Dr. Theodore Price, PhDAssociate Professor
University of Texas at Dallas
Title: Switching circuits: how differences in coding of acute and chronic pain may lead to better pain therapeutics
June 7th: 10 am EST, 9 am CST, 7 am PST.
About Theodore Price
Theodore (Ted) Price returned to the School of Behavioral and Brain Sciences at UT Dallas as an Associate Professor in 2014. He graduated from UTD in 1998 with a BS in Neuroscience where he worked with Dr. Alice O'Toole on human face perception.
He then received his PhD in 2003 from the University of Texas Health Science Center at San Antonio under the mentorship of Christopher Flores and Kenneth Hargreaves where he worked on cannabinoid pharmacology and pain.
He was then a postdoctoral fellow in the laboratory of Fernando Cervero at McGill University until 2007 where he developed the first studies on how local control of protein synthesis in neurons is involved in the development of chronic pain disorders
He was a faculty member of The University of Arizona School of Medicine from 2007-2014 where he further developed work on nervous system plasticity in relation to pain with funding from the National Institutes of Health (NIH)-, Rita Allen Foundation- and Migraine Research Foundation.
Dr. Price is the recipient of Young Investigator Awards from the American Pain Society and International Association for the Study of Pain, has published more than 50 peer-reviewed articles in international journals, serves as the pharmacology section editor for European Journal of Pain, and is on the editorial board for Pain, Molecular Pain and The European Journal of Neuroscience. He is also a regular reviewer for National Institutes of Health and American Pain Society study sections.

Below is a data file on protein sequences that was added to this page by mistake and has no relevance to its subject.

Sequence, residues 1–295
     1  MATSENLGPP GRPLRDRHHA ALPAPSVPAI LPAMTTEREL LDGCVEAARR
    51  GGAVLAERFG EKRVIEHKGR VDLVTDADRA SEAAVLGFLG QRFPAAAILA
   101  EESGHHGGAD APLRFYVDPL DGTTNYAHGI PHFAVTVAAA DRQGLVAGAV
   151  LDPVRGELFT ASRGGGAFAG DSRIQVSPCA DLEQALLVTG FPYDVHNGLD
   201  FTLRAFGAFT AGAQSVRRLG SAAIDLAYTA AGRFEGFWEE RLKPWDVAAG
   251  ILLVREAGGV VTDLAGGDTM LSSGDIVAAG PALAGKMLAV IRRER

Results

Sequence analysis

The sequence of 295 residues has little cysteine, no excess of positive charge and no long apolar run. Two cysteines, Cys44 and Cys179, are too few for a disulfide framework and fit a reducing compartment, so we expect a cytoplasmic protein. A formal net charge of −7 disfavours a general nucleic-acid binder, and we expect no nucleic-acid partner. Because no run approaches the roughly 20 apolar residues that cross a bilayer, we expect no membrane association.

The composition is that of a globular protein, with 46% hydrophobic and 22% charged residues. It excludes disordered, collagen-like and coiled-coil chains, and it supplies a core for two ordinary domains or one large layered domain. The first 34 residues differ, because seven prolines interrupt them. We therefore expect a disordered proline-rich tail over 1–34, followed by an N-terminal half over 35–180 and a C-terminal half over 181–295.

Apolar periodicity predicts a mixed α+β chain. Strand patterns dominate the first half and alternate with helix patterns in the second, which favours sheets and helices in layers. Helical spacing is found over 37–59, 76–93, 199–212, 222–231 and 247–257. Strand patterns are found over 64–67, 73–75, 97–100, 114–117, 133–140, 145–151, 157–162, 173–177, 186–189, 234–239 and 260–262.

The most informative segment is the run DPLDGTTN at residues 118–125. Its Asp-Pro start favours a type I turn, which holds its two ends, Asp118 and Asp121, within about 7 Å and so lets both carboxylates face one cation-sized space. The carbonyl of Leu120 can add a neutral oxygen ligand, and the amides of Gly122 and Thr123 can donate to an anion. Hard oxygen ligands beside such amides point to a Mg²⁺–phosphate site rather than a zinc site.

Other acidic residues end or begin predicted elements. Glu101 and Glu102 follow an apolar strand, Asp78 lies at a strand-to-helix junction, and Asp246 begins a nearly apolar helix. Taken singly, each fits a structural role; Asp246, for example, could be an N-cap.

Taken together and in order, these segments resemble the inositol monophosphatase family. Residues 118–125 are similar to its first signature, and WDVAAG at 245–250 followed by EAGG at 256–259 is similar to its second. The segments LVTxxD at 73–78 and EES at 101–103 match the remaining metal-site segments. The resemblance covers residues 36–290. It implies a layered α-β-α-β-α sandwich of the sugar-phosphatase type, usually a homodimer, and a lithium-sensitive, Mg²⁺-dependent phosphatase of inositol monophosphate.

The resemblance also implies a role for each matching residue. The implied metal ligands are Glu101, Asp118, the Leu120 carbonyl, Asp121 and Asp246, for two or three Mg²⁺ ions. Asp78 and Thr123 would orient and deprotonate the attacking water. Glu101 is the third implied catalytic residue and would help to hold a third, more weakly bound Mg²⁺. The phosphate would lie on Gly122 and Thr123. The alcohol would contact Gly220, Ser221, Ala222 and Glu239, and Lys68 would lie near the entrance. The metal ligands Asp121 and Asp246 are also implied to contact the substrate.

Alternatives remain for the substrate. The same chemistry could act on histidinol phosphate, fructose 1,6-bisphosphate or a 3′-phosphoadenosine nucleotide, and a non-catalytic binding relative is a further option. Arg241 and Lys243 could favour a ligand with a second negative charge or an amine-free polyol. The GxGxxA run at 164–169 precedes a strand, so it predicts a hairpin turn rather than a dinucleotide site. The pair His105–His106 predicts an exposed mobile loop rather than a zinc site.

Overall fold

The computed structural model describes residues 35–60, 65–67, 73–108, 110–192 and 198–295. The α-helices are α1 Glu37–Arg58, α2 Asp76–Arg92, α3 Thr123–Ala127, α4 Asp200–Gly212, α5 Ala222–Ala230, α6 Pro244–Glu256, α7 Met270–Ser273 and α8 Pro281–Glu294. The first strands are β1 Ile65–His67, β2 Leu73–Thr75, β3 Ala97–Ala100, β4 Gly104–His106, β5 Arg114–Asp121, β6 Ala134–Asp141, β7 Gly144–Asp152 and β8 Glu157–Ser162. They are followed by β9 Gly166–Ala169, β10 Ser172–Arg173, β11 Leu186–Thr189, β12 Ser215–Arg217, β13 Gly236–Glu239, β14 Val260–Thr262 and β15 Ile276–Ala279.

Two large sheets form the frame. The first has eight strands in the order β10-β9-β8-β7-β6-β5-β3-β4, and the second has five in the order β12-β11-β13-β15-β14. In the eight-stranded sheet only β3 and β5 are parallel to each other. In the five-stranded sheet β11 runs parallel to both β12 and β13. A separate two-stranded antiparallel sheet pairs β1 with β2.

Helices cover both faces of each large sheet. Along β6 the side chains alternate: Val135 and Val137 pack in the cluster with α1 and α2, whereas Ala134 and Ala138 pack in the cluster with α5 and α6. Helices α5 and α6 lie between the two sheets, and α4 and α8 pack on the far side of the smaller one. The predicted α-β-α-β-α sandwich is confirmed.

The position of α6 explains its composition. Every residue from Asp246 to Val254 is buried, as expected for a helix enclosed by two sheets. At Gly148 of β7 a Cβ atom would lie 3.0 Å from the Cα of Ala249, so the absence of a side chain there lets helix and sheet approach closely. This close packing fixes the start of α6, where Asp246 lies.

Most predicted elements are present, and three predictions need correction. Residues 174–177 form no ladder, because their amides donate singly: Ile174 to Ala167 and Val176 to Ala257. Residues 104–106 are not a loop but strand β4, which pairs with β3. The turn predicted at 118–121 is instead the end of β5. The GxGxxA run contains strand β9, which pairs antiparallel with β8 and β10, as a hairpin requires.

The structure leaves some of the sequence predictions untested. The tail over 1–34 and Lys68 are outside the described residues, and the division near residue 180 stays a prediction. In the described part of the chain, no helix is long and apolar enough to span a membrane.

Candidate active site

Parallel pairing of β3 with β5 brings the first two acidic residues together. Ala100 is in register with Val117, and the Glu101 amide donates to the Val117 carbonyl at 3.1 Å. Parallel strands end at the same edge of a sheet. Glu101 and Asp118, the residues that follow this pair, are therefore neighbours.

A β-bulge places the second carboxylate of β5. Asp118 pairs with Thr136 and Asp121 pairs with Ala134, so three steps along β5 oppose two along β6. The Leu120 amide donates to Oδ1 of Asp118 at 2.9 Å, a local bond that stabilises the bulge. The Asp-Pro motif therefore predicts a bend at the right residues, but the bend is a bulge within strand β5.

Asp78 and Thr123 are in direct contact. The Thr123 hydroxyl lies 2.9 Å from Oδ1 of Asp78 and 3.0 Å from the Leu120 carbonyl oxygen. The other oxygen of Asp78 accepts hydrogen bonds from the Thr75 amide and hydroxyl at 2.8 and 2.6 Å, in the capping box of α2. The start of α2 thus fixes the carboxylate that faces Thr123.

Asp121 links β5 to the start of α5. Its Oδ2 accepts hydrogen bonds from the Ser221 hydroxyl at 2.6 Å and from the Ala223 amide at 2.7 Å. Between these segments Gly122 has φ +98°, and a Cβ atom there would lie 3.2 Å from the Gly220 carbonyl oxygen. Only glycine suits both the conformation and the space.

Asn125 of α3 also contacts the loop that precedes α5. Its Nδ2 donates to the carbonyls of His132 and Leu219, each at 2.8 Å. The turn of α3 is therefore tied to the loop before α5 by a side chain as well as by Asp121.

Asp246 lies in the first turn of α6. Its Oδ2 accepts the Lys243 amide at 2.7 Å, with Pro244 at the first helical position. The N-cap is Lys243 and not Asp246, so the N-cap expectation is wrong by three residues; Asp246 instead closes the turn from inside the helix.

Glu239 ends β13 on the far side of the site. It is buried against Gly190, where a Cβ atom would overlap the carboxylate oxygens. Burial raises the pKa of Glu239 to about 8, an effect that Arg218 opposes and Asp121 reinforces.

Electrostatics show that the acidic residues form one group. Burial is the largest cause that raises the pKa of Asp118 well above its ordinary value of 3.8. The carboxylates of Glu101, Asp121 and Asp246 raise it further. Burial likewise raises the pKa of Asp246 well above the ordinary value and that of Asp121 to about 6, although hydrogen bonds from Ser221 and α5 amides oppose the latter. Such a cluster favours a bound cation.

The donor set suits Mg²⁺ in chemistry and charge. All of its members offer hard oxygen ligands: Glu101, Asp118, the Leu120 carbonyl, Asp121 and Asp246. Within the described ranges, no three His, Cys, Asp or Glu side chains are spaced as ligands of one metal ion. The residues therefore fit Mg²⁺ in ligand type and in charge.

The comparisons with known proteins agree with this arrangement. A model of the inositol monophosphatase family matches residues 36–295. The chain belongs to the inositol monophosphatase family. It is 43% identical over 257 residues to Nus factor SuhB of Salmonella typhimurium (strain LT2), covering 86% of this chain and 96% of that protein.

Pain Research in the Price Lab
Pain serves a vital teaching function because it instructs organisms to avoid harmful stimuli. Pain plasticity is likewise a key feature of complex nervous systems because it signals for an organism to protect an injured area until the healing process has run its course. While these pain amplification mechanisms frequently resolve following healing, they can persist manifesting as chronic pain conditions. Moreover, chronic pain conditions (e.g. migraine headache) can arise without any apparent precipitating stimulus. Unfortunately these chronic pain conditions are poorly treated by current therapies creating an enormous burden of suffering with an economic impact estimated to be greater than diabetes, heart disease and cancer, combined! Hence, there is a great need to better understand mechanisms driving chronic pain and tailored therapeutic approaches that can reverse this aberrant plasticity
Our laboratory is interested in the fundamental principles underlying pain plasticity. Our goal is to develop novel therapeutics based on these discoveries with the potential to either prevent the development of or permanently reverse chronic pain states. We focus on two major areas: 1) plasticity in peripheral nociceptive neurons following injury and, 2) plasticity in central nervous system circuits that results from persistent stimulation of peripheral nociceptors. We utilize molecular, biochemical, genetic, behavioral and electrophysiological techniques combined with an overarching interest in pharmacology and drug discovery to tackle this problem.
Melemedjian OK#, Mejia GL, Lepow TS, Zoph OK, Price TJ# (2014). Bidirectional regulation of P body formation mediated by eIF4F complex formation in sensory neurons. Neuroscience Letters. 563 169-174. #co-corresponding authors
Price TJ, Dussor G (2013). AMPK: An emerging target for modification of injury-induced pain plasticity. Neuroscience Letters. S0304-3940(13) 607-1.
Parker SS, Mandell EK, Hapak SM, Maskaykina IY, Kusne Y, Kim JY, Moy JK, St John P, Wilson JM, Gothard KM, Price TJ#, Ghosh S#. (2013) Competing molecular interactions of aPKC isoforms regulate neuronal polarity. Proceedings of the National Academy of Sciences USA. 110(35) 14450-5. #co-corresponding authors.